In some cases, beta glucan is even applied topically to accelerate wound healing and tissue repair (18).

What’s more, this fiber is sometimes used as a natural treatment for cancer, thanks to its ability to stimulate the activity of immune cells in your body (19).

However, because most research on the effects of beta glucan on cancer is limited to test-tube and animal studies, more studies in humans are needed.

Summary

Beta glucan supplements are used to increase fiber intake and promote heart health, blood sugar regulation, digestive health, and weight management. It’s also sometimes used in cancer treatment, although more research is needed.

According to the FDA, consuming 3 grams of beta glucan per day can help reduce cholesterol levels (2).

Fortunately, most people can easily meet this recommendation by enjoying a variety of fiber-rich food as part of a well-rounded diet.

For example, 1 cup (81 grams) of dry oats and 1/2 cup (100 grams) of raw barley contain about 6.5 grams and 20 grams of beta glucan, respectively. This equals around 1.6 grams of beta glucan per 1/2 cup of cooked oats and 4 grams per 1/2 cup of cooked barley (2).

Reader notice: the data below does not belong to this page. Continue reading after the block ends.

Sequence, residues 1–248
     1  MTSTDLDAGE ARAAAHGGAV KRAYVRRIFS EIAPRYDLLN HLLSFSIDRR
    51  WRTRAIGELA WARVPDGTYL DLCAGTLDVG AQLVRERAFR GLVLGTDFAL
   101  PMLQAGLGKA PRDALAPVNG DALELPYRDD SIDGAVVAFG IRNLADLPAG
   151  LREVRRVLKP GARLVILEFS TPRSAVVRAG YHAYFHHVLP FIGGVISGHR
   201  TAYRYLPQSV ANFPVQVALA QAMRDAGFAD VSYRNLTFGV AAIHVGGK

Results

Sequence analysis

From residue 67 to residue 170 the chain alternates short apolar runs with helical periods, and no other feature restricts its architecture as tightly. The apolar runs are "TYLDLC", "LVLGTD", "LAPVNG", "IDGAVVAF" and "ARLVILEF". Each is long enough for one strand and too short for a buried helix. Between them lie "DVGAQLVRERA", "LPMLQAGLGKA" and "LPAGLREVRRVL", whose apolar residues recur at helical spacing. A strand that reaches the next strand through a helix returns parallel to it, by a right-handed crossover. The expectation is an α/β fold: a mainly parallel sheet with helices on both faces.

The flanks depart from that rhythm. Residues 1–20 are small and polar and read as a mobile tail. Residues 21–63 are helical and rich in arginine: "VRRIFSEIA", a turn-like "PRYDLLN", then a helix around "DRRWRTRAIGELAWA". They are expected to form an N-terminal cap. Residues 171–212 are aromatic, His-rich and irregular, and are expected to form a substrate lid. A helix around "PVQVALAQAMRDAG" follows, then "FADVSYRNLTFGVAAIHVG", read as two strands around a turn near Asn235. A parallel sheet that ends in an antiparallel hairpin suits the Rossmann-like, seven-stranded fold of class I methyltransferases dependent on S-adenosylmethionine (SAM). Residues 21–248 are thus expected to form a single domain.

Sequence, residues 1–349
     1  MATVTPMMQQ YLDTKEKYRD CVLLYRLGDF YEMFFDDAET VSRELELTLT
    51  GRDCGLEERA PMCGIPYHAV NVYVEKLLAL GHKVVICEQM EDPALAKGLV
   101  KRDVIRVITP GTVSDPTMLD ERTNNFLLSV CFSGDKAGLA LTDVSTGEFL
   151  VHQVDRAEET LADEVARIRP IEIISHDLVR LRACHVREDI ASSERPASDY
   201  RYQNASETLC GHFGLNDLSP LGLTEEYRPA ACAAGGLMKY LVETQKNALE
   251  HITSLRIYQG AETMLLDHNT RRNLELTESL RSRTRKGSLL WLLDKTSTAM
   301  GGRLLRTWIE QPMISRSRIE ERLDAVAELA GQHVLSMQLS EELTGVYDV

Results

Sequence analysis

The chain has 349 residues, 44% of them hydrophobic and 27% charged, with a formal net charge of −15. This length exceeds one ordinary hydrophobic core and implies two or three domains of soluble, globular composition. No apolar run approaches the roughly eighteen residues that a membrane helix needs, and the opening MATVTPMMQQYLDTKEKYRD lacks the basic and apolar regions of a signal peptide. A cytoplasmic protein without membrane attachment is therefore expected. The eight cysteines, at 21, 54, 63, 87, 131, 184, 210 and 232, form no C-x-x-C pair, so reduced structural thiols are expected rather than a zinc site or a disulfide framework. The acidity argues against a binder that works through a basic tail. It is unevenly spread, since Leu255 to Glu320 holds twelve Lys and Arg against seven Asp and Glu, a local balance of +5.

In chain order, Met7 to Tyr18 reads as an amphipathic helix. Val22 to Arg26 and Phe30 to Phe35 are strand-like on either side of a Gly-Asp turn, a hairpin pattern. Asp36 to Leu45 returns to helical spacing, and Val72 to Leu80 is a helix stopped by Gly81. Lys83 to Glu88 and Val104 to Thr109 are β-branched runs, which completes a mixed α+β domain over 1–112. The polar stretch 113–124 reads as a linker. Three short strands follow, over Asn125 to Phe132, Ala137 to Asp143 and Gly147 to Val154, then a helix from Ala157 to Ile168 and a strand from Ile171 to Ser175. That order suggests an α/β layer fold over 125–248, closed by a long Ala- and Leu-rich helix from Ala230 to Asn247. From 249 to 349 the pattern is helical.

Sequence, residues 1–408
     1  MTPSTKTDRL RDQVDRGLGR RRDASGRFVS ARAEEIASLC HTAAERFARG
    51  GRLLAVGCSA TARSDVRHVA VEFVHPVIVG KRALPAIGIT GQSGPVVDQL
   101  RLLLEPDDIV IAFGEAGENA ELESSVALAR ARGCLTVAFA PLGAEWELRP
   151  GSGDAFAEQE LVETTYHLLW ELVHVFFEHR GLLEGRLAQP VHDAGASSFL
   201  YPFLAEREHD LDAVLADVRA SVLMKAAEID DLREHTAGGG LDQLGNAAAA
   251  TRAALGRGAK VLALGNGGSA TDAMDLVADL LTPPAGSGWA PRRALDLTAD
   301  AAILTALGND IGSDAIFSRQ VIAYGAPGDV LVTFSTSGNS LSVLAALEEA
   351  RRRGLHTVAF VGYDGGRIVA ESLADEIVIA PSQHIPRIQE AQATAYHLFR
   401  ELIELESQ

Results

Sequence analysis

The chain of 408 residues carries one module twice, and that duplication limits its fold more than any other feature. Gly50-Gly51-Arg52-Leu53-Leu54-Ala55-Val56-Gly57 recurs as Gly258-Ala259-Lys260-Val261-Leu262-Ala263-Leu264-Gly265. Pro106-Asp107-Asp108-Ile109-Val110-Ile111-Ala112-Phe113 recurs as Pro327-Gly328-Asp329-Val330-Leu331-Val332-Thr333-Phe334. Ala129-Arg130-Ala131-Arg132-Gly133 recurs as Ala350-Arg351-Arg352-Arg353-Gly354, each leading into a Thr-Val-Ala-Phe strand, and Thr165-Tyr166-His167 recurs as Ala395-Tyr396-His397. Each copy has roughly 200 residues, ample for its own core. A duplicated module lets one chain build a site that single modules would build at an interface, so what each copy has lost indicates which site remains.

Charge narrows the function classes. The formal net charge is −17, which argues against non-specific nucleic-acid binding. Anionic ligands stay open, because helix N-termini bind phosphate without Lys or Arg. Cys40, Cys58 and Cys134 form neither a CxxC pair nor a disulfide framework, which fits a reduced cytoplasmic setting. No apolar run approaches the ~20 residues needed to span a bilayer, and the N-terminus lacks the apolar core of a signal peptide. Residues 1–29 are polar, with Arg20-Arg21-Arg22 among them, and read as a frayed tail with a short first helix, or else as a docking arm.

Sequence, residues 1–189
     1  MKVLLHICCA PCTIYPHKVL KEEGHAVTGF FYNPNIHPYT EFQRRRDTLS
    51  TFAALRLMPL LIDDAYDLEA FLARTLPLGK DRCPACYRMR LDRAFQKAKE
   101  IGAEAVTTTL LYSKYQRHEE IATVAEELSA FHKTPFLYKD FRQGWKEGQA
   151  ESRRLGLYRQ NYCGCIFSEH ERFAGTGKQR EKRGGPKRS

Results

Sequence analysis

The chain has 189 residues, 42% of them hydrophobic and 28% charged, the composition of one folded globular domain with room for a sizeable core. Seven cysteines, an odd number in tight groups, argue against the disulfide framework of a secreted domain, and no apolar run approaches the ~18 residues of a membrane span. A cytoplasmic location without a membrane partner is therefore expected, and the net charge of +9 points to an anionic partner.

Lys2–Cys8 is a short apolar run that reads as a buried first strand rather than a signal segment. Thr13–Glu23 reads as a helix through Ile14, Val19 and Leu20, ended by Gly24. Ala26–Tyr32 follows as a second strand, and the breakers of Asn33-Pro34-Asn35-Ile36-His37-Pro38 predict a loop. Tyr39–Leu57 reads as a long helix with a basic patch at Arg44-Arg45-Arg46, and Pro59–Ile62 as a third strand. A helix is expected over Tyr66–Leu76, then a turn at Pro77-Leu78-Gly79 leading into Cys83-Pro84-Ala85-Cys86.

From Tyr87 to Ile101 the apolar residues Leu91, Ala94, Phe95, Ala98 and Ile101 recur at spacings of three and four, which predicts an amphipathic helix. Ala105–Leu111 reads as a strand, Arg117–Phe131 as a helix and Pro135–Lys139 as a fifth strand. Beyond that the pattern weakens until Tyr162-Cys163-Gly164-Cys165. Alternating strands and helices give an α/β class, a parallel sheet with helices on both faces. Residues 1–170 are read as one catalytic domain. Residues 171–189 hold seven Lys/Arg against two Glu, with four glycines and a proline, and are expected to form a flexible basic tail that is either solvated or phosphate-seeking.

Still, some people choose to take supplements to boost their intake.

Keep in mind that not all supplements are created equal. If you chose to purchase supplements, opt for products made by reputable retailers that have undergone third-party testing to ensure safety and quality.

Furthermore, know that beta glucan supplements may interfere with certain medications, including immunosuppressants and those used to treat diabetes or high blood pressure (20).

Lastly, taking a fiber supplement, including beta glucan, can cause digestive side effects like nausea, bloating, or diarrhea in some individuals — especially if you’re not used to eating much fiber (21).

Therefore, it’s best to talk with your doctor before using beta glucan supplements, especially if you’re taking these medications or have any underlying health conditions.

Summary

Although most people can get enough beta glucan from their diet, taking a supplement can be an easy way to increase your intake.

Beta glucan is a type of soluble fiber found naturally in a variety of food sources, including oats, barley, sorghum, and rye.

It has been associated with numerous health benefits and may help lower cholesterol levels, improve blood sugar management, and boost immune health.

It’s also widely available in supplement form and used as a natural treatment for many different conditions.

Still, the best way to increase your intake is by enjoying a variety of nutritious, fiber-rich foods as part of a healthy diet.